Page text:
USING THEIR NOODLES
Jinya app eases big crowds
Lineups into a restaurant were once ads for monstrous servings of meh food at an enticing price. Enticing prices, I like, but not so much the meh food. And lineups? Call me no-fun. I flee.
And lineups made me a latecomer to Jinya Ramen Bar, even though the crowds outside looked like they knew good food. I could have driven to Kerrisdale or Burnaby where there are now Jinya franchise outlets. But I didn’t.
One bone-chillingly wet and gloomy Vancouver day, an hour into returning from subtropical Mexico City and San Miguel, I was downtown and overcome by a primitive need for a hot bowl of ramen — a now-or-never moment for Jinya.
It was mid-afternoon, not the height of ramen fever. We made our way to the hostess to mark our spot in line and here’s where I did a cartwheel of happiness. Jinya downtown has the Nowait app for restaurants. It estimates waiting time and texts guests when their turn comes up. (On the flip side, a Nowait app for diners gives waiting times for nearby participating restaurants and puts you in line for a table.)
“We had complaints in the first couple of months where waiting times were up to a couple of hours,” explains Jinya publicist Junko Russell.
“The staff were new, and they couldn’t guess how long the wait would be.”
So we ran an errand, and in 20 minutes as predicted, the app text hailed me in. The first slurp and mouthful of ramen was a most definite “ahhh” moment. I had the cha cha cha, asterisked on the menu like this: *For garlic lovers.
That, for me, is a grand seduction. Bring it on. I tasted the pork and fish broth, pork chasu, soft boiled egg, bean sprouts, onion, green onion, garlic, chili powder and mandatory thick noodles (you can choose your noodles with some of the ramen). But hold on, the garlic was subdued. Then the server brought the goods — a jar of raw garlic cloves with a garlic press. Yes!
I crushed three into my noodles, partly for the taste and partly because the woman sitting behind me on my flight home was like Typhoid Mary, in full flu mode, hacking and honking. I needed an immune boost. So much fortification in that bowl. (Prices for ramen are an average $15.)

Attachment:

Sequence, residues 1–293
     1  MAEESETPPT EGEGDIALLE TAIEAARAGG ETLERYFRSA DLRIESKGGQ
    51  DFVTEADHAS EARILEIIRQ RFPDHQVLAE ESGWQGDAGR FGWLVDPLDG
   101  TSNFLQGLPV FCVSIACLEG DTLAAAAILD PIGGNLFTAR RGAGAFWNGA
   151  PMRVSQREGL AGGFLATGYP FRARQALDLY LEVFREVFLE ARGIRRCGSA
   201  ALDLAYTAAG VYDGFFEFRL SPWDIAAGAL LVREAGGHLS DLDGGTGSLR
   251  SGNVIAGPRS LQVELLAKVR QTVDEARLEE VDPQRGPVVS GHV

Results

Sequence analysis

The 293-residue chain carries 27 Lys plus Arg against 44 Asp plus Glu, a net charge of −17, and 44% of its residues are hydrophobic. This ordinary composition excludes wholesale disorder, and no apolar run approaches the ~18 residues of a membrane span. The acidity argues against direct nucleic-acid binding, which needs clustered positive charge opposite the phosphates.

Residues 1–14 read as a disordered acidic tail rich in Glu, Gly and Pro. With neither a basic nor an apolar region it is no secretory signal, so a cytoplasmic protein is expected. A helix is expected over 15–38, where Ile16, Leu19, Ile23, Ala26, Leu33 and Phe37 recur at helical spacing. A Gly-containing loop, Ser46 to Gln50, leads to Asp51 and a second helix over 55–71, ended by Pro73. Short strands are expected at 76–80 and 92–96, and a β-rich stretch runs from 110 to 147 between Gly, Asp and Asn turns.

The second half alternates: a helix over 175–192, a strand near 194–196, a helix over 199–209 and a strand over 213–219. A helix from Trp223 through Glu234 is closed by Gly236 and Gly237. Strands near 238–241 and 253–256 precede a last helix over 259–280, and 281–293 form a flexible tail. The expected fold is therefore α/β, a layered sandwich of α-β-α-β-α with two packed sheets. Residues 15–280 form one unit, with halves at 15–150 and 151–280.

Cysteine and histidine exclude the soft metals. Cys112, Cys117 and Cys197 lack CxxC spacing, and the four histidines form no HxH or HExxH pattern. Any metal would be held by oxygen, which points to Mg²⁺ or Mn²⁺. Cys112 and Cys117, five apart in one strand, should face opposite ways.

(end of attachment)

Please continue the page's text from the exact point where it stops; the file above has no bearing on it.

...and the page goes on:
My husband’s spicy chicken ramen was lighter with chicken broth, chicken chasu (really good), spinach, bean sprouts, green onions and a choice of mild, spicy or hot chili.
That lunch demanded a command performance and we found ourselves back there a few days later at 11:30 a.m. to avoid the crush. The server, cheerful enough, was at our table several times pressuring us to order, anticipating the noon rush. Not great for my husband who decides under great deliberation. (Eye roll.)
He chose spicy umami miso ramen (pork broth, miso, ground pork, bean sprouts, green onion, bok choy, chili oil, thick noodles), and I would have taken it over had he not moved it out of my reach. The broth was as thick as tan tan noodle broth and absolutely delicious with umami.
It wasn’t as spicy as advertised, however.
I thought I’d go off script and try one of the rice bowls, the California poke bowl. (Bowls come in a small or large, $8 to $15.) Not fabulous.
The dish, topped with a ton of herbs and endowed with tuna, salmon and prawn was healthy, but I’ve had better.
Under snacks and small plates, a bao bun with pork chasu was disappointing. The steamed bun was kind of lifeless but the pork, glazed with a sweet sour sauce was good. I really liked the tempura brussels sprouts with truffle oil — delivered screaming hot out of the fryer. It
could have used a dip of some sort. I also liked the mini-taco with pork chasu and kimchee made with deep-fried won ton skin — even better than with an authentic corn taco. It was light and crispy, almost like pork crackling.
The kitchen is, figuratively, on fire. Dishes sped out (all the better to turn tables) and given the volume, they do a good job of it. A word of advice to whomever makes the tea — warm water does not a decent cup of tea make.
The “bar” in the name says you’re welcome to have a quick bite with a craft beer or cocktail. As mentioned, there are two other Metro Vancouver locations and some 29 altogether in North America.
Russell says a chef from the Los Angeles headquarters makes regular visits to check on consistency. The ramen noodles are made in L.A., where Jinya began. The Robson Street location is apparently the busiest in North America, and that’s saying something considering the concentration of ramen spots in the neighbourhood. BEER AND TACOS
Tacofino teams up with local breweries to host once-a-month beer dinners at its 2327 East Hastings location.
Tofino Brewing Company is on board on Feb. 22, followed by Steel and Oak Brewing Co on March 29; Strange Fellows Brewing Co. on April 26; Four Winds on May 31; and five Port Moody Brewers on June 28.
The executive chef is the talented Stefan Hartmann, and tickets are $50. For more information and tickets, go to eventbrite.ca.